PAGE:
In the recent decision of the Ontario Court of Appeal, MD Physician Services Inc. v. Wisniewski, the Court upheld the decision of the lower court on the enforceability of the non-solicitation clause.
The case involved two employees who were hired by MD Management Ltd. (“MDM”), a wholly owned subsidiary of MD Physician Services Inc., to provide financial services to their clients, who are primarily physicians. They each signed employment contracts including a non-solicitation clause, which provided as follows:
Non-Solicitation. The Employee agrees that the Employee shall not solicit during the Employee’s employment with the Employer and for the period ending two (2) years after the termination of his/her employment, regardless of how that termination should occur, within the geographic area within which s/he provided services to the Employer.
“Solicit” means: to solicit, or attempt to solicit, the business of any client, or prospective client, of the Employer who was serviced or solicited by the Employee during his/her employment with the Employee.
The employees left the employer and immediately commenced employment with a competitor firm, RBC Dominion Securities Inc. (“RBC”). On their first day of work with RBC, the employees wrote out from memory a list of their former employer’s clients who they had serviced and began phoning them. Many MDM clients followed them to RBC. MDM commenced an action against the employees claiming that they breached the terms of the non-solicitation clause.
The lower court reviewed the basic principles related to the enforceability of a non-solicitation clause in an employment contract, which can be summarized as follows:
- There must be a proprietary interest entitled to protection;
- The temporal and geographical restrictions cannot be too broad;
- The clause must be limited to solicitation of clients (as opposed to a more general prohibition against all competition); and
- The clause cannot be ambiguous.
The lower court determined that MDM had a legitimate proprietary interest in the respective client lists of the two departed employees. An employer’s customer lists are considered confidential information that an employer is entitled to protect by way of a non-solicitation clause.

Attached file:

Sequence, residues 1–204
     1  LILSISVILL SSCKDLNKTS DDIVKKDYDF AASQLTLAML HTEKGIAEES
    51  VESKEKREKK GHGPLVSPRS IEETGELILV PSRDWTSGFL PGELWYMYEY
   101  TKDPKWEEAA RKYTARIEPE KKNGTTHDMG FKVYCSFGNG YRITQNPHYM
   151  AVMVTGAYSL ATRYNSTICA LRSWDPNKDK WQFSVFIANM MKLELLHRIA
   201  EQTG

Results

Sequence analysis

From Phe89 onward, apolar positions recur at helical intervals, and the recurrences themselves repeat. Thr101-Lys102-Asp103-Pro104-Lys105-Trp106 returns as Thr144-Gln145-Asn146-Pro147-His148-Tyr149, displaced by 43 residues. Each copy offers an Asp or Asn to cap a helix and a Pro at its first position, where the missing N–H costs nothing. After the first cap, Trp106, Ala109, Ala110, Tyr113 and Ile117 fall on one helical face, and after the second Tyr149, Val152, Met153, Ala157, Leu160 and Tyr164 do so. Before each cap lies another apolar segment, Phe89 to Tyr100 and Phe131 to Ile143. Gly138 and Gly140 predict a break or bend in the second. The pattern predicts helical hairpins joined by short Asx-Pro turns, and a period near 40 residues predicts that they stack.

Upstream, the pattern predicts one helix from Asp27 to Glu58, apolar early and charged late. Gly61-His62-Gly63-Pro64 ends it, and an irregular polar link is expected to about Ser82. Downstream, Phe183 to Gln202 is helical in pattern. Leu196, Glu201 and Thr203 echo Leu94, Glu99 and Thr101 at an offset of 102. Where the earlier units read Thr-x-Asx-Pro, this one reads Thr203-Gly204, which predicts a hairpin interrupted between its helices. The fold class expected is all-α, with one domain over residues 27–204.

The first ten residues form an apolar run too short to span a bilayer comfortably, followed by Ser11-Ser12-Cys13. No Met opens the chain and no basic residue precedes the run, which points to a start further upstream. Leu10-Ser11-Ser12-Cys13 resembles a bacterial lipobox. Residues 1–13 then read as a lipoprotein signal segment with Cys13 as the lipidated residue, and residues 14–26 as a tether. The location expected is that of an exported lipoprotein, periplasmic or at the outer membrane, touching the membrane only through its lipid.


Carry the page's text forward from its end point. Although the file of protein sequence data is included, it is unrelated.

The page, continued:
The lower court also found that the temporal length (2 years) and the geographic scope (wherever the employee serviced clients) was not overly broad. The court commented that while the geographic location scope could technically be enormous given the language of the clause, the definition of “solicit” included the words “who was serviced” which limited its scope. It was clear to the employees that the restriction only applied to clients they had previously dealt with. The lower court concluded that the employees knew, or should have known, that their actions constituted a breach of the non-solicitation clause.
The employees argued that the phone calls to former clients were simply intended to provide information to clients who may have been concerned about their investments, and that the phone calls did not amount to “solicitation”. The court rejected this argument, stating that the contact with former clients had nothing to do with any perceived obligation to advise the clients that they had left their employment, or to reassure clients regarding their investments at MDM. The contact had everything to do with an attempt to retain the business of these clients and was clearly solicitation in breach of the non-solicitation clause to which the employees were bound.
The Court of Appeal agreed with the lower court on all issues and confirmed the enforceability of the non-solicitation clause.
The take-away for employers is that a properly drafted non-solicitation clause can be enforceable and can protect your business when an employee decides to leave and join a competitor. A standard clause is a useful starting point, but each case is unique and it is important to understand that a non-solicitation clause must be drafted in a manner that is only as broad as necessary to protect your business.